Rob Horowitz: Let’s Get Serious About Prescription Drug Abuse

Tuesday, May 21, 2013


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Prescription drug abuse is our nation’s fastest-growing drug problem. Yet, so far natonal and state efforts in this area amount to not much more than baby steps. It is time to make prescription drug abuse a priority and launch the comprehensive policy and public education response required to get results.

A recent large national survey of drug use among young people showed that the amount of prescription drugs taken for non-medical reasons is now only exceeded by marijuana use among categories of illicit drugs. In Rhode Island, nearly one-in-five 12th graders have used painkillers without a doctor’s prescription, according to RI Kids Count. Over the period of a month, roughly 7 million Americans use prescription drugs for non-medical reasons.

The overwhelming majority of people who abuse prescription drugs get them from family and friends. These drugs are extremely dangerous in and of themselves and also serve as a gateway to abusing other illegal drugs

The increase in prescription drug abuse stems in large measure from a dramatic rise in the number of prescriptions written for opioid pain relievers such as oxycontin and an even larger increase in the dosages given without accompanying safeguards and education. In 2009, 257 million prescriptions were written—a nearly 50% increase in just ten years. Further, dosages have increased over roughly the same ten year period by more than 400%.

This step-up in potential availability, combined with an increase in the potency of the medicine has triggered an epidemic of abuse. According to the Center for Disease Control & Prevention, nearly 15,000 deaths were attributed to opioid abuse in 2008---more than 3 times as much as just ten years earlier. It is a leading cause of death in Rhode Island.

While some strides have been made nationally and in Rhode Island, making a big dent in the problem requires a far more robust and multi-dimensional policy response. It is true that the Obama Administration through its National Council on Drug Control Policy has developed a comprehensive plan for combating prescription drug abuse that includes 38 sensible and specific action items with a goal of reducing prescription drug abuse by 15% over 5 years. Successful implementation, however, is far from certain since some actions are dependent on gaining funding in a difficult and squeezed federal funding environment; some require legislation or the cooperation of resistant health industry groups and many require often elusive inter-agency cooperation.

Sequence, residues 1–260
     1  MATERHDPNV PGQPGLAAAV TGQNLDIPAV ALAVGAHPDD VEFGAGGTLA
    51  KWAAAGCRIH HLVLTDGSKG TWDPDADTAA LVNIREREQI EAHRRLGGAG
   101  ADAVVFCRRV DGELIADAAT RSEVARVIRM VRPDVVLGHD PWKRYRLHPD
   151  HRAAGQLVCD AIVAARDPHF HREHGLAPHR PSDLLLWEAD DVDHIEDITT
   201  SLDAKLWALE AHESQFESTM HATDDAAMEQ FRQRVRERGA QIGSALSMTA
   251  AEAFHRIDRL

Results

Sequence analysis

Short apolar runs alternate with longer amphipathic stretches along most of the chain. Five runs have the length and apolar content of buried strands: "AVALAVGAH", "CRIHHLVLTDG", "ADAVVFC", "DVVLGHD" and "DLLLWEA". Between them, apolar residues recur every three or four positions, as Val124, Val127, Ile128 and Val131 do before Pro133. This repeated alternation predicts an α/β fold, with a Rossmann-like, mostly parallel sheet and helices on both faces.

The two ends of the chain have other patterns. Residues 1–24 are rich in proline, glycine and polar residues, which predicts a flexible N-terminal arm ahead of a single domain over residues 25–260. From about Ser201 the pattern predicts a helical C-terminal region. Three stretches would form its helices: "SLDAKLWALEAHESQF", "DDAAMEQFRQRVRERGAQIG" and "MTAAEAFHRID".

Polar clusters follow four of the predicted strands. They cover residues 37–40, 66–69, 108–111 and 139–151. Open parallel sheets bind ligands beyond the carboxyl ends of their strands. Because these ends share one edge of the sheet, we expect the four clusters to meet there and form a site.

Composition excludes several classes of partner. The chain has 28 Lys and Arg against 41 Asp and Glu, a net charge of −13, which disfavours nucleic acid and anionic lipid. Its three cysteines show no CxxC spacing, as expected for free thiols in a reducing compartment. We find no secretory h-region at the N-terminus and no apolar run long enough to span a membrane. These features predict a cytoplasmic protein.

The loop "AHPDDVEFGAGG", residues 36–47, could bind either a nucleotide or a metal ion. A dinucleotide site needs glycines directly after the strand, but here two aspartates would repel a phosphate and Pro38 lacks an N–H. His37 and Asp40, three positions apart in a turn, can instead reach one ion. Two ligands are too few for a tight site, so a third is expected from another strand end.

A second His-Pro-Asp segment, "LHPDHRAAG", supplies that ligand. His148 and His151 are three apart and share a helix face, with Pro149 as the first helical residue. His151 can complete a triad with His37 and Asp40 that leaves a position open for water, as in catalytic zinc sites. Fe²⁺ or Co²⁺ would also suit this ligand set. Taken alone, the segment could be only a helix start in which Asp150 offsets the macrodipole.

In Rhode Island, Attorney General Kilmartin is playing an important educational role and sponsoring useful activities such as a recent drug take back day in which police departments were open throughout the state for people to safely dispose of unused portions of their prescriptions—an important preventive measure since 70% of users of prescription drugs for non-medical purposes get them from family and friends. And the Department of Health has instituted a prescription monitoring program to better track people who are attempting to game the system to get more painkillers than are medically necessary and to better identify Doctors who are over-prescribing (full disclosure: I have done work on prescription drug abuse in New Jersey for a private client).

Still, much more must be done. This includes stepped-up education for parents and kids and expanding on the Attorney General’s efforts with a saturation level advertising campaign aimed at getting more Rhode Islanders to regularly empty their medicine chests of unused prescription drugs. In addition, requiring training of doctors and other health professionals--both in their initial medical education and as a component of ongoing professional education--on how to appropriately prescribe this medicine to minimize the risk of addiction is a must. Despite the precipitous rise of prescription drug abuse, most doctors and other health professionals currently receive little or no training in this area. Lastly, stepped-up criminal penalties for ‘online pharmacies” that provide these kind of drugs illegally should be explored.

We must act with the urgency that this rapidly growing problem demands; otherwise we will continue to lose too many or our kids.

Rob Horowitz is a strategic and communications consultant who provides general consulting, public relations, direct mail services and polling for national and state issue organizations, various non-profits and elected officials and candidates. He is an Adjunct Professor of Political Science at the University of Rhode Island


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